Postpartum stroke: a twenty-year experience.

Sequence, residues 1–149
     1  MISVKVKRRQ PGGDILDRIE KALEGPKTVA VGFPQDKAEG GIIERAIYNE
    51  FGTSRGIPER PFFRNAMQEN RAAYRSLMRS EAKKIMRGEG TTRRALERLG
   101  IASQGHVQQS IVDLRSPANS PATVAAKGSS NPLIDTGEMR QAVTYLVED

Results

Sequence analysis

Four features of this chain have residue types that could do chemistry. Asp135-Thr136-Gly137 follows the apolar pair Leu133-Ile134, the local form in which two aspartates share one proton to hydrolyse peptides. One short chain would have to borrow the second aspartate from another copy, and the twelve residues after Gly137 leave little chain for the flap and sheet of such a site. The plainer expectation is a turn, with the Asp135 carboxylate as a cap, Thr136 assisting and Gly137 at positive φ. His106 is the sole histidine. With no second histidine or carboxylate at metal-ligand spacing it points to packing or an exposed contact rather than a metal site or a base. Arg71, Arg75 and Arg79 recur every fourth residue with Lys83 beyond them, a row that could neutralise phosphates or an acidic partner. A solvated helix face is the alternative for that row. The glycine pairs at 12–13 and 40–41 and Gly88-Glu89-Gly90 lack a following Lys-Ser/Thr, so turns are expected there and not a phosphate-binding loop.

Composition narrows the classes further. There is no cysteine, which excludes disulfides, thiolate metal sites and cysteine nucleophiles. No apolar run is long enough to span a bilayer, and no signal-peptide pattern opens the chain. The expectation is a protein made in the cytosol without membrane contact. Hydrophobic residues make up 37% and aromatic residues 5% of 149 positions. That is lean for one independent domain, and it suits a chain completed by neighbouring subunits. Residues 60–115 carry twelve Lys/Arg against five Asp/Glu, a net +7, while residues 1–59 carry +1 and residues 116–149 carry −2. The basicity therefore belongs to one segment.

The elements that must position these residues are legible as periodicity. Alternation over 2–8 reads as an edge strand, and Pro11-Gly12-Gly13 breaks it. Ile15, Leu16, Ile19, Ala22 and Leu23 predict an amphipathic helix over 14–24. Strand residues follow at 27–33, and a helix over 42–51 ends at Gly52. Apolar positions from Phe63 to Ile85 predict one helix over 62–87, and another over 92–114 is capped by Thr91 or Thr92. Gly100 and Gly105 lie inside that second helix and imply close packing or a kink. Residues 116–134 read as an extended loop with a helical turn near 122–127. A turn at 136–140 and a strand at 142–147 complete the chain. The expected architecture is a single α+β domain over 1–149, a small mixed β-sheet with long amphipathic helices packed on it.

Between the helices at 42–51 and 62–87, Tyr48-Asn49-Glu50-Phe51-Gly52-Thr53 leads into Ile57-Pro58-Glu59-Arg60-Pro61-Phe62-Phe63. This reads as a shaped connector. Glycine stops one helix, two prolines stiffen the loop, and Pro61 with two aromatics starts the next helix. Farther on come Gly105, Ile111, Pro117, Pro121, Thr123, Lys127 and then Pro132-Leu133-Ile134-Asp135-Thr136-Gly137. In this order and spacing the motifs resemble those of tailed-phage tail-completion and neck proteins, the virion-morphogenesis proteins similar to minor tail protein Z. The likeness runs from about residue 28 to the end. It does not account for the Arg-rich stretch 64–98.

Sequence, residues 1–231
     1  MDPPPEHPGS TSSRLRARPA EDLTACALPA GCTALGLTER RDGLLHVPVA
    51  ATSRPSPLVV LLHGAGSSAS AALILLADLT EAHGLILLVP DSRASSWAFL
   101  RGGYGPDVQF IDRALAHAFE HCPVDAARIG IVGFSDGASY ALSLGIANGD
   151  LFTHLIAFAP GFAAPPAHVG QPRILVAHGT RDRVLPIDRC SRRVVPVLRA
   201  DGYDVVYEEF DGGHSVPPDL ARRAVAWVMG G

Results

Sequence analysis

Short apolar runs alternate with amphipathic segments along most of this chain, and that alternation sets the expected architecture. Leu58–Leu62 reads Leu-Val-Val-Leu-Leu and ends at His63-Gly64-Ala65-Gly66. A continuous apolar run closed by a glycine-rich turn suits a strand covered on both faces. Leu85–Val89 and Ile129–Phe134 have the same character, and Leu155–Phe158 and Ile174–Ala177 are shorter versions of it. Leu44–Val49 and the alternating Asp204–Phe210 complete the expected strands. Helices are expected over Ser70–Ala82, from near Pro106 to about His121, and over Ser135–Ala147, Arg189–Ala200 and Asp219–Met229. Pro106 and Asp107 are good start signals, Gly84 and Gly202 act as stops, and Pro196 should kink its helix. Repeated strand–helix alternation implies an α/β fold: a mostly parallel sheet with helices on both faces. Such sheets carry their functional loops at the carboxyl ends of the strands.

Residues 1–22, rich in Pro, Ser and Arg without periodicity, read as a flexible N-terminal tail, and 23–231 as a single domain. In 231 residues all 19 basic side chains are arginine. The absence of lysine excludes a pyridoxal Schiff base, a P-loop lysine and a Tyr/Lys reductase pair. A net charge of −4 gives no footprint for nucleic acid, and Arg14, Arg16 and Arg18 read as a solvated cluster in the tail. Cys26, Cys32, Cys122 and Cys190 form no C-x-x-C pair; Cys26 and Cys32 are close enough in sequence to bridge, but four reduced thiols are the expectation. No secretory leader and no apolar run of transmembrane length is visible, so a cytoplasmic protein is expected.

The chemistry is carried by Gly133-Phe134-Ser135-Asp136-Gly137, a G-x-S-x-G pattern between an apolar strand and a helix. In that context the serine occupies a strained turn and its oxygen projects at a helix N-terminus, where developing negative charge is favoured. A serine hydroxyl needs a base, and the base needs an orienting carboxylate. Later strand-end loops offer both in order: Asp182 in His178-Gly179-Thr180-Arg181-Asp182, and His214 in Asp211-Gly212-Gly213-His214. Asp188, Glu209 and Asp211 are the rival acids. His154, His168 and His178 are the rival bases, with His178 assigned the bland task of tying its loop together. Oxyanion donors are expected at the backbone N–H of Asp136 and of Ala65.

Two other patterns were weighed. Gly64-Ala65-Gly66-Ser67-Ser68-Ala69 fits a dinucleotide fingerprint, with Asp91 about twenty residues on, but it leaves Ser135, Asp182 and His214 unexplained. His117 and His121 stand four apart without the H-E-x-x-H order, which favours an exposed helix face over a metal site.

OBJECTIVE The aim of this study was to characterize the clinical presentation, etiology, and acute and subsequent outcomes of postpartum stroke. STUDY DESIGN This 20-year, single-center, retrospective review included 20 women without previous neurologic deficit with clinical and neuroimaging diagnoses of postpartum stroke. RESULTS Eight of 20 women (40%) were delivered abdominally. Conduction anesthesia was induced in 9 of 20 women (45%). Causes of stroke included cerebral infarction (n = 13; 7 venous, 6 arterial), intracerebral hemorrhage (n = 5; 1 cocaine-induced, 1 anatomic malformation), cerebritis (n = 1), and cerebral atrophy (n = 1). The median time at onset of stroke was 8 days post partum (range, 3-35 days). Headache, seizures, visual change, and hemiparesis were the most common presenting findings but were neither specific to the underlying pathologic condition nor predictive of ultimate maternal outcome. There were 2 maternal deaths, both caused by severe intracerebral hemorrhage. Intracerebral hemorrhage was associated with the poorest outcome (2 deaths and 1 residual neurologic deficit). Eight women had residual neurologic deficit. There was no correlation between a trial of labor (P =.4; odds ratio, 0.4; 95% confidence interval, 0.01-6.5) or vaginal versus cesarean mode of delivery (P =.6; odds ratio, 1.3; 95% confidence interval 0.1-16.8) and ultimate neurologic diagnosis (cerebral infarction or intracerebral hemorrhage). However, the incidence of cesarean delivery was greater in the cohort of women with postpartum stroke than in the overall obstetric population (P =.015; odds ratio, 3.2; 95% confidence interval, 1.2-8.5). One of the 20 women received methergine; 1 received bromocriptine. All women were either normotensive or had well-controlled hypertension at postpartum discharge. New-onset hypertension or exacerbation of existing hypertension occurred after the acute neurologic insult; subsequent mean (+/-SD) arterial blood pressure was 128.9 +/- 24.0 mm Hg. CONCLUSION Postpartum stroke is a multifactorial, uncommon, and nonpreventable complication of pregnancy. There was an association between postpartum stroke and hypertensive disorders of pregnancy and cesarean delivery. However, this study refutes any etiologic association between conduction anesthesia and postpartum stroke.


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